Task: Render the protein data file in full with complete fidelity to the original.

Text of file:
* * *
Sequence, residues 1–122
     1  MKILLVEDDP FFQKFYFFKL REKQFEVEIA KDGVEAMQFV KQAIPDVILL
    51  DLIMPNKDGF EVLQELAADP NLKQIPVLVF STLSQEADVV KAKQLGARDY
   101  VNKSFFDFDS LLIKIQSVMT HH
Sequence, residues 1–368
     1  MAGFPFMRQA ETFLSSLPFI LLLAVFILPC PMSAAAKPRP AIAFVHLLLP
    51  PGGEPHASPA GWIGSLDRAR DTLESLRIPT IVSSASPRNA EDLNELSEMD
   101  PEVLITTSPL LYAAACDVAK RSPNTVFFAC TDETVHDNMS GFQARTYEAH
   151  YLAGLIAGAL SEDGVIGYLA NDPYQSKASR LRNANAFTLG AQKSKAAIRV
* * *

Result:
Sequence, residues 1–122
     1  MKILLVEDDP FFQKFYFFKL REKQFEVEIA KDGVEAMQFV KQAIPDVILL
    51  DLIMPNKDGF EVLQELAADP NLKQIPVLVF STLSQEADVV KAKQLGARDY
   101  VNKSFFDFDS LLIKIQSVMT HH
Sequence, residues 1–368
     1  MAGFPFMRQA ETFLSSLPFI LLLAVFILPC PMSAAAKPRP AIAFVHLLLP
    51  PGGEPHASPA GWIGSLDRAR DTLESLRIPT IVSSASPRNA EDLNELSEMD
   101  PEVLITTSPL LYAAACDVAK RSPNTVFFAC TDETVHDNMS GFQARTYEAH
   151  YLAGLIAGAL SEDGVIGYLA NDPYQSKASR LRNANAFTLG AQKSKAAIRV